Review Summary: In attempting reinvention, Kawashima may have created Sigh’s most palatable—and best—record in nearly 20 years.
Kawashima’s eyeroll-inducing claims that Heir to Despair
would be wildly different and “hated” by ardent Sigh fans falls like a lead balloon. After decades of turning black metal into a circus, even the boldest moves don’t feel entirely unexpected. Even at its weirdest
, Sigh’s latest still feels in line with the band’s genre hopping sensibilities; a quintessential example of modern Sigh—irreverent, eclectic, and a total blast.
Weirdness in mind, it’s been increasingly difficult to declare Sigh a “black metal band.” Skirting the edges of progressive rock, heavy metal, and psychedelia, Sigh’s custom sound has strayed its furthest yet from the bleak confines of black metal, featuring more electronics and world-music styles than ever. Songs like “In Memories Delusional” and “Hands of the String Puller” have hints of the genre, but they’re hidden amongst J-rock choruses, chunky time changes, and pan flutes. Now,Heir to Despair
, despite the overblown claims of being a complete change, really is markedly stranger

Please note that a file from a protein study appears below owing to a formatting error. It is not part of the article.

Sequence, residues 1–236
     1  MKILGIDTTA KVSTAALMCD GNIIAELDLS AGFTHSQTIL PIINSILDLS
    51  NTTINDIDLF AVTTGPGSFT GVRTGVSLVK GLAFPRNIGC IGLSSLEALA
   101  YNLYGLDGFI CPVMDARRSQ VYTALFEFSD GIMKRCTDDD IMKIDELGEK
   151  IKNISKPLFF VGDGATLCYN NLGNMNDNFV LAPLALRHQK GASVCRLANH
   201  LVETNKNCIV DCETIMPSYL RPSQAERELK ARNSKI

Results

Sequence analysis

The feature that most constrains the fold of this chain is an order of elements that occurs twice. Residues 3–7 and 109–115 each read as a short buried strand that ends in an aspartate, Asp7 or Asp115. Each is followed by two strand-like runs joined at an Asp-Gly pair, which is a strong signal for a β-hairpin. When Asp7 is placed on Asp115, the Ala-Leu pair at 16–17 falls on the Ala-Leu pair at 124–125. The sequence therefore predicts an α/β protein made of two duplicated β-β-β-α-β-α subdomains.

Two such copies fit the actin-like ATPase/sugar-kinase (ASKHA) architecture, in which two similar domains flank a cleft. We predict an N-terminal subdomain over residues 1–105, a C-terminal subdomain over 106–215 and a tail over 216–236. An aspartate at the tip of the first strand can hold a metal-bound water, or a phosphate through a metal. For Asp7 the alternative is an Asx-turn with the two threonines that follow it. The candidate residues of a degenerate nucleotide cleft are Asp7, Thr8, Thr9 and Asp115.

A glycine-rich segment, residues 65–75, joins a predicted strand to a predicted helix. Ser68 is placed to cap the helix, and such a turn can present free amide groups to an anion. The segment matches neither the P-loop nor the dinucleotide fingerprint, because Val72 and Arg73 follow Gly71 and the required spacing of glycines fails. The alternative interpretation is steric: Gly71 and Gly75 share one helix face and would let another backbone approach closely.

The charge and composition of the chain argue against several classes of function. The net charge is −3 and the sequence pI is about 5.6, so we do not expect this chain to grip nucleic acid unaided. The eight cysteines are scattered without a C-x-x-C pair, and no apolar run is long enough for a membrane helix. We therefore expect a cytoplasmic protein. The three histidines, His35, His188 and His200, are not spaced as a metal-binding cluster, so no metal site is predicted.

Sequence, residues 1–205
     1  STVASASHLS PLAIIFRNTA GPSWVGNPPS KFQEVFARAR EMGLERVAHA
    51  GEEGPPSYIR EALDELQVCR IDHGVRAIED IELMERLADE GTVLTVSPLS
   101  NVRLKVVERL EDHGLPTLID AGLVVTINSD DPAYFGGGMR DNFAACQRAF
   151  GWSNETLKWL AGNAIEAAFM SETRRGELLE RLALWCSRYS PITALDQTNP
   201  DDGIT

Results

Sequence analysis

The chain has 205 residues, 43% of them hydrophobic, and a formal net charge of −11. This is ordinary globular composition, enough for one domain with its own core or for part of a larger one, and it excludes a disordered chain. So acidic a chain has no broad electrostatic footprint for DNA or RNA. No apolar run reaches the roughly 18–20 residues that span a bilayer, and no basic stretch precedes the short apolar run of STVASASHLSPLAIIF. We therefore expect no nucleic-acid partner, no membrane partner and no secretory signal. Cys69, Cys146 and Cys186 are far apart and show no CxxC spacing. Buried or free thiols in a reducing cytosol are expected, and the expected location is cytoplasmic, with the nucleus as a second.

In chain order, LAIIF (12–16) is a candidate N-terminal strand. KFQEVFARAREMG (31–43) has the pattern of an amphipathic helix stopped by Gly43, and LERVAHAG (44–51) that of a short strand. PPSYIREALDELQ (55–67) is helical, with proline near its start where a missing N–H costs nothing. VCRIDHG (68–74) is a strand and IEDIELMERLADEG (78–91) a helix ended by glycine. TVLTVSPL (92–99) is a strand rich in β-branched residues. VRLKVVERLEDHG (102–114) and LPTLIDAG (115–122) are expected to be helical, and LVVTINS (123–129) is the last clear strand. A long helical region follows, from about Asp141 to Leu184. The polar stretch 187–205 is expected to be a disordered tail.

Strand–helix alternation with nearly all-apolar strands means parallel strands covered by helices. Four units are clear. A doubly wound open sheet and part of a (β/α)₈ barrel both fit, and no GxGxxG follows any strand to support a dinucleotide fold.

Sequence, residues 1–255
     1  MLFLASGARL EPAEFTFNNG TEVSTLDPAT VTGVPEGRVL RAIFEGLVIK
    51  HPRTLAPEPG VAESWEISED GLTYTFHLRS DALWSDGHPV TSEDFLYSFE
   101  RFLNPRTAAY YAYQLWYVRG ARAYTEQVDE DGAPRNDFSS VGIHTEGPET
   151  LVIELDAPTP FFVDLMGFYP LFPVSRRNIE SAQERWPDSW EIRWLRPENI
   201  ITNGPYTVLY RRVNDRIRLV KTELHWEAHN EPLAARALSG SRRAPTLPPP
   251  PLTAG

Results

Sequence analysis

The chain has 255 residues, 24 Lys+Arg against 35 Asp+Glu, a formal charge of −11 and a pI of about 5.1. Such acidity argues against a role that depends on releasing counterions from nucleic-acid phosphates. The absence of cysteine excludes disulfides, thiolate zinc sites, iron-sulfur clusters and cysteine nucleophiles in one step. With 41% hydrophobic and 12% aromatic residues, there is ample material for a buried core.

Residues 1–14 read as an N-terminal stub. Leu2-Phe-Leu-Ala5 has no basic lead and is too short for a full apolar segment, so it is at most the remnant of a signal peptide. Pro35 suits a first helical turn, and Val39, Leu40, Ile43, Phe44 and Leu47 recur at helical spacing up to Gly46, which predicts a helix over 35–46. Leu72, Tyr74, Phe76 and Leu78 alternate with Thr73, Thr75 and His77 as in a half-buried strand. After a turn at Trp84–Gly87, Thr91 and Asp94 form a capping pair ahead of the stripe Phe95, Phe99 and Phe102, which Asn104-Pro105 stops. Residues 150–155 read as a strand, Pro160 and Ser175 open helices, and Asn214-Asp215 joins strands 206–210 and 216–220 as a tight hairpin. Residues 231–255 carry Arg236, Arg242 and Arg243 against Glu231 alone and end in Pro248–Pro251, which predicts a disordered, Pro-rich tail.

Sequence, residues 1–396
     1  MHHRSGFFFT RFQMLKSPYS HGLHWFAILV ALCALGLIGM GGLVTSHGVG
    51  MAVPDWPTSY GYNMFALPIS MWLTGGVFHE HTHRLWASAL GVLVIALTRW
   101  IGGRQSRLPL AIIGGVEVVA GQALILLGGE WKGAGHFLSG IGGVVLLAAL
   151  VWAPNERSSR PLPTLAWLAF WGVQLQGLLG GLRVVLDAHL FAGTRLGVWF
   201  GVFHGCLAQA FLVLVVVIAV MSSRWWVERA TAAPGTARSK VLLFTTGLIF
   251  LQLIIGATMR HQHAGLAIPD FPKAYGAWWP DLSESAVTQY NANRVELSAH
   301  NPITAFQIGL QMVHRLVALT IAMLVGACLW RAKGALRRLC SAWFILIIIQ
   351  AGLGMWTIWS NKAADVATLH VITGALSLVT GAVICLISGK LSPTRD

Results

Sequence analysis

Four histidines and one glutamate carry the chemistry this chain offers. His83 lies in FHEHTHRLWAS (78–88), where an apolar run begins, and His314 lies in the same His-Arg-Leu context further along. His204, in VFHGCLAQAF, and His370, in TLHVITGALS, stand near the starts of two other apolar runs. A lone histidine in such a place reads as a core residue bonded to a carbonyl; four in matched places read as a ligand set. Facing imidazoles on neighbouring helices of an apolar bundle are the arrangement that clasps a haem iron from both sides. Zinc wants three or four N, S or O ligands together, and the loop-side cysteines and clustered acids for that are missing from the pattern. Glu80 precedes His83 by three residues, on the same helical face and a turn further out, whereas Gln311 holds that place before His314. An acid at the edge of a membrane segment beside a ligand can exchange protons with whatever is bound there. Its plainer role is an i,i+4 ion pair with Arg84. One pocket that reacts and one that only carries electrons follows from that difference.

than most Sigh outings. The “Heresy Suite” is a dark electronic trio of songs with thumping bass lines, vocoder vocals, and light sitar. Likewise, the title track closes the record with eastern flair, remittent with bevy of instruments and haunted vocals. Even one of the more standard tracks, “In Memories Delusional,” takes unpredictable turns towards a blackened power-metal fiasco. Again, it’s pretty strange, but never is it tasteless.
After the galumph of Graveward
, all bets were off the table—Sigh have embraced their decades-in-the-making sound fully, and thankfully it is here to stay. As bizarre as Heir to Despair
is at times, it feels like the tightest and purest example of Sigh’s signature sound in the modern era. Instead of blaring horns to add weight and cadence, Kawashima uses subtle electronics to add ambience and sparse instrumentation to cultivate genuine feelings. It’s Sigh’s most palatable record since, perhaps ever. Rather than bludgeon the listener with out-of-left-field whackiness, Sigh smartly use their avant-grade sensibilities to make their most substantial record in over 15 years. It offers so much more while feeling like less.